Author Topic: Parliamentary Voting System and Constituencies Bill - Committee (9th Day) | Lords debates  (Read 2014 times)

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Parliamentary Voting System and Constituencies Bill - Committee (9th Day) | Lords debates
17 January 2011, 5:30 pm

I support the amendment, in the sense that I understand it to be a probing amendment about the Government's decision to reduce the size of the House of Commons to 600 Members. I do not have a problem about reducing the size of the House of Commons, but I have a problem when it is not done on the basis of principle and when the process by which the new figure is arrived at has been opaque. That is precisely what we have seen here. In this context, I congratulate the noble Lord, Lord Maples, on a thoughtful and analytical attempt to pursue precisely that sort of argument on the basis of principle. I do not agree with everything that he said but, for the first time that I can recall from the government Benches, we had an analytical approach based on principles, which the noble Lord set out very persuasively in many cases. What I want to know from the Government-and I shall come to this in a moment-is why we have not heard that sort of quality of speech from them on this issue.

I hope that I am not misrepresenting Ministers when I say that, in previous discussions on this issue, they have rather airily waved aside the question of the size of the House of Commons, as if it was a piffling matter. It needed to be reduced and whether it was reduced by a bit or a bit more did not matter very much. But it really does matter, because the size of the House of Commons shapes the size of each constituency, even more so when we are looking to equalise the size of these constituencies, as this Bill seeks to do, and with certain qualifications. Most Members of both Houses of Parliament would support that aim. The size of the constituency crucially determines the nature of the relationship between the Member of Parliament and their constituents. That lies at the very heart of our democratic arrangements. I have touched on this issue in previous debates and Ministers have more or less ignored what I have said, so I hope that they will forgive me if I spell it out in just a little bit more detail now in the hope that they will now engage with this issue, even if they do not particularly agree with the view that I take on it.

When I was the Member of Parliament for Swindon North, I used to deal with about 200 to 300 e-mails and letters every week. I was helped by outstanding staff, but I had to deal with those letters and e-mails, as they were on issues of such importance to my constituents that they were not delegated to staff. I was helped, but I dealt with each of them. Most of those letters-around three-quarters, on one estimate that I took about three years ago-came about because of the problems that my constituents had with Swindon Borough Council. Most of the rest were on problems that constituents had with various agencies of central government. Most MPs, including former Members of the other place in this House, will probably have had similar, if not identical, experiences. That casework is detailed and complex, which is why, in the end, I felt that I had to take responsibility and be directly engaged with it.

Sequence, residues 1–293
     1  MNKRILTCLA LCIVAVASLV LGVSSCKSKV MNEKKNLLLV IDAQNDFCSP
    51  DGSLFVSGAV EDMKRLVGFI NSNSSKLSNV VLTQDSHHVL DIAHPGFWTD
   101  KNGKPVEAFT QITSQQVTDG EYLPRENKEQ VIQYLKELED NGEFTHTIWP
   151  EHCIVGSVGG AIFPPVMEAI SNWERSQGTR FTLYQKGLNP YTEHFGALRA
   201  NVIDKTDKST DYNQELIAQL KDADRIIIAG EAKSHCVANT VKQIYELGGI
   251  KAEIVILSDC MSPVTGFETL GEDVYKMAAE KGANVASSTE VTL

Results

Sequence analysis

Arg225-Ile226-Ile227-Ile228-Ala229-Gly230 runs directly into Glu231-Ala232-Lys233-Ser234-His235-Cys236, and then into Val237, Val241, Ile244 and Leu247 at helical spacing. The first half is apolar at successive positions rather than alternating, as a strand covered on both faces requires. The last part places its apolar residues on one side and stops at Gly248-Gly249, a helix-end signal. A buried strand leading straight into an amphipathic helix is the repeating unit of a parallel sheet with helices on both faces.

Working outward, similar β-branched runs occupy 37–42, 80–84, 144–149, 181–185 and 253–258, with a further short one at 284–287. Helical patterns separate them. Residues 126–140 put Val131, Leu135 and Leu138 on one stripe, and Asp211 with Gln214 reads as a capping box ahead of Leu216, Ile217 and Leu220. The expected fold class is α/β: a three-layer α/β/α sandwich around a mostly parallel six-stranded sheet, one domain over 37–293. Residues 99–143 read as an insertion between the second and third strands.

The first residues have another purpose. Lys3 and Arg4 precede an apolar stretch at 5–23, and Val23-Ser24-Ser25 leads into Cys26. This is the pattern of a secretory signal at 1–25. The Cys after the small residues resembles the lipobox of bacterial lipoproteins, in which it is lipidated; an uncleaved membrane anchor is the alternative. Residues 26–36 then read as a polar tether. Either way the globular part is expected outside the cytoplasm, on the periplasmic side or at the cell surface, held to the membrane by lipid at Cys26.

It follows logically from that that if any constituency were to be increased significantly in size it would be that much more difficult for any conscientious MP to deal with that casework in exactly the same way. It would be equally hard if further decentralisation of power to local authorities increased the workload of MPs trying to sort out constituents' problems with local authorities, such as Swindon Borough Council. Those facts may argue for even smaller constituencies and therefore more of them. On the other hand, it could be argued that, should decentralisation result in more powerful, effective and competent local authorities-and, indeed, local councillors-it would lighten the casework of Members of Parliament, leaving MPs freer to concentrate on work at Westminster. That might argue for fewer constituencies; I think that the noble Lord, Lord Maples, was arguing for that. These are important issues and he made the case for having a significant reduction in the number of constituencies perfectly well. I do not altogether agree with him, as the work that MPs do for their constituencies is profoundly important in a healthy democracy, but he made a cogent case.